#core-editor, #core-restapi, #editor, #gutenberg, #meeting-notes

Javascript Chat Summary: August 13, 2019

Below is a of the discussion from this week’s JavaScript chat (agenda, Slack Transcript)

Have a topic for discussion for the next meeting? Leave a suggested edit on next week’s agenda.

Agenda: Shared Core Dependencies

Slack

The Google Doc Agenda has much of the content of what was discussed, but as a summary:

Package/Bundle size for assets is a significant concern for frontend use as WordPress continues to expand javascript as a first class citizen in its ecosystem. Some examples where this surfaces are:

  • using wp.element on the frontend. It has a dependency on lodash which adds weight to page load.
  • implementing various components or blocks on the frontend (wp.components itself has significant size).

Some potential ways to resolve/improve this for not only frontend but also admin are:

Load externals via CDN.

Externals such as react, react-dom, lodash etc could still be registered but the source would be from CDN. The advantage here is with WP’s wide reach, it’s much more likely that client browsers will have cached the asset for visitors to WP sites. Currently that’s less likely because of every site hosting it’s own assets by default.

Action: @adamsilverstein is going to raise this in the hosting meeting to get feedback from there.

Size of packages.

Here, the focus is on how big are we willing to allow various bundles to get? For instance wp.components is 553kB minified.

  • should we start thinking about setting some comfortable limits on how big we allow bundles to get? (tools like bundlesize could help with that)
  • what ways can bundles be further reduced in size (example of @wordpress/server-side-render being extracted into it’s own package) – audit packages and see what other extractions/groupings can be done?
  • WP core supports script-aliases (enqueuing wp-components could actually enqueue X different files behind the scenes, all populating the wp global).
  • Reduce external dependencies: Example is lodash dependency removal from @wordpress/element. Much of the functionality of lodash can be implemented via native js.

Action:

  • It’d be good if those interested in javascript in WordPress start thinking through some of what’s been discussed in this item and contribute some proposals on how to improve things.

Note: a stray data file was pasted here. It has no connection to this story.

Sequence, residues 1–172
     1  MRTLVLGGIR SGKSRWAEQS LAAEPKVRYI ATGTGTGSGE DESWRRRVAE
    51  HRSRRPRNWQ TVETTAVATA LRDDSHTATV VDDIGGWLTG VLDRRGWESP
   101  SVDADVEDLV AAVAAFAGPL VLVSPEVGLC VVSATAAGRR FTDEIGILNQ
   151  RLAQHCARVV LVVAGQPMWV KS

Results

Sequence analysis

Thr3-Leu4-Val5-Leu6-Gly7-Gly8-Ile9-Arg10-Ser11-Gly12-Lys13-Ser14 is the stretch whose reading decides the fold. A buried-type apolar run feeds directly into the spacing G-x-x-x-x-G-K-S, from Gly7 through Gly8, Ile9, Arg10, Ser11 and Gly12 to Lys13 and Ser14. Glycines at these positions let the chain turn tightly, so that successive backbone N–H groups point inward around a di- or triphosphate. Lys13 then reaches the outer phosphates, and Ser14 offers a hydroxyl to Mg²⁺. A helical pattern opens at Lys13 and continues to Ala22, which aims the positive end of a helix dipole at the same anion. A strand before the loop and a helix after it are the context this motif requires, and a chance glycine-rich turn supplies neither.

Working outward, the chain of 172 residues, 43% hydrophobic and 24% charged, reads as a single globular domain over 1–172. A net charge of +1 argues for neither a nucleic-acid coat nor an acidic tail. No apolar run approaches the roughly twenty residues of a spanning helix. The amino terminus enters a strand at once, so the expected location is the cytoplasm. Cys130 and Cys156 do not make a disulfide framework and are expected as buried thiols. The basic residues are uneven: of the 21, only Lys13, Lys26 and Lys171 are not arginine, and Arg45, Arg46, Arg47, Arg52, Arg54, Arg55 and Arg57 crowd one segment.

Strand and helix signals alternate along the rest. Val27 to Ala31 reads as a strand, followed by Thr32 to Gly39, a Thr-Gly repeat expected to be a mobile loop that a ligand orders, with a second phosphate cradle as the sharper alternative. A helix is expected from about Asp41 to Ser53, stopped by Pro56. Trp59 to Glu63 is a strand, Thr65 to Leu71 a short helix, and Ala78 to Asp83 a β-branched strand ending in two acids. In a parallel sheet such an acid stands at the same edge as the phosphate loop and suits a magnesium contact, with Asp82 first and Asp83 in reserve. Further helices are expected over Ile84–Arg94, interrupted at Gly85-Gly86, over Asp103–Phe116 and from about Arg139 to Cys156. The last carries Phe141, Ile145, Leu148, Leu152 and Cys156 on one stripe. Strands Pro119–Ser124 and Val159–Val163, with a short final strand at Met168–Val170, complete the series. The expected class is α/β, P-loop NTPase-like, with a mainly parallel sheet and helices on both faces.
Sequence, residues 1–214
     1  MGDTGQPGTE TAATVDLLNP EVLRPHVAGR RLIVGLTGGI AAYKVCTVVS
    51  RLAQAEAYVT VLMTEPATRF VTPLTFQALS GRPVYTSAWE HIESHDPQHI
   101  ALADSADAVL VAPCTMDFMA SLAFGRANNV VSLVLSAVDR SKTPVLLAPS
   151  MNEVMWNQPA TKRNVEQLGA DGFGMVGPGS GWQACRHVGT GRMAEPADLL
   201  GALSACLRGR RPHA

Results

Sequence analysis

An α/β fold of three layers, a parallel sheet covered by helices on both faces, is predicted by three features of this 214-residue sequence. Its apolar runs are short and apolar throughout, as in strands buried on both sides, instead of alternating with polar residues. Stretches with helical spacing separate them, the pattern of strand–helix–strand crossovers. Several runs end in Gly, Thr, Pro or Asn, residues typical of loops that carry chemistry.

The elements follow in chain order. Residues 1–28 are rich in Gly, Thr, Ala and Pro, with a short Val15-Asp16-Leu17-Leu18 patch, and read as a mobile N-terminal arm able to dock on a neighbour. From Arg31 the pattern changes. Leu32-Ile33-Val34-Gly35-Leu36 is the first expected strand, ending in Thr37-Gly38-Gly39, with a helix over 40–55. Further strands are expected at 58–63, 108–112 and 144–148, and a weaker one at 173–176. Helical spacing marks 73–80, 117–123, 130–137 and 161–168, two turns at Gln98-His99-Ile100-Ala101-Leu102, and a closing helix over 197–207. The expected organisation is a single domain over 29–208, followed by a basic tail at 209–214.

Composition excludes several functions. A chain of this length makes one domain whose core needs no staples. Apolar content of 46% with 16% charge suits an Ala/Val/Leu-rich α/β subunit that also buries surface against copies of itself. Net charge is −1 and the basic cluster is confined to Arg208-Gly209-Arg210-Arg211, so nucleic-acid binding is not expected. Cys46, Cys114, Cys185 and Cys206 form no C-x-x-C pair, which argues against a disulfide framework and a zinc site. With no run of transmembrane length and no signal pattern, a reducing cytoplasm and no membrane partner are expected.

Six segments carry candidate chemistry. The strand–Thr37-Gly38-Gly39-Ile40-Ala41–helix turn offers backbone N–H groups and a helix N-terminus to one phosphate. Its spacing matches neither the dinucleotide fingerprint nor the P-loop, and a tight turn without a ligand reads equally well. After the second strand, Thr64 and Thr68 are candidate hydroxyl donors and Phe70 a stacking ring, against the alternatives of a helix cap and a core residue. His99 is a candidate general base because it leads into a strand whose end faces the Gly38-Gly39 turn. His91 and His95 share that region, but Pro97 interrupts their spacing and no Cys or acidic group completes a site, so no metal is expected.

• On the last item, removing lodash dependency from WordPress packages has been proposed. It’d be nice to get a decision on moving forward there. Please contribute your thoughts to the issue!

Agenda: Lazy Loading of Images and Frames

Slack | Trac | lazysizes library | Native lazy-loading for the web article

The discussion here centered around whether lazy loading of images is something that should be implemented in WordPress core and some initial ideas on what would be involved in doing that. Some highlights of the discussion (though no concrete decision was made):

  • opt-in for now
  • possibly implemented via add-theme-support
  • include for wp-admin as well (eg. Media Library)

Action:

  • continue to contribute to the trac ticket. Possibly explore landing something for wp-admin first.

Open Floor

  • @joyously asked about the status/possibility of updating jQuery (see trac ticket (slack convo). Nothing concrete from the discussion. Current blockers are the difficulty in resolving issues with the update and conflicts/failures with the customizer and media. Also reluctance exists to invest effort in something that may become obsolete due to changes in framework used (moving to more react heavy admin). Joy did note that the biggest problem existing right now are the flags raised by security scanners detecting the version number (author note: vulnerabilities in jQuery bundled with core are patched, but security scanners still detect it as a vulnerable version).

#javascript, #meeting-notes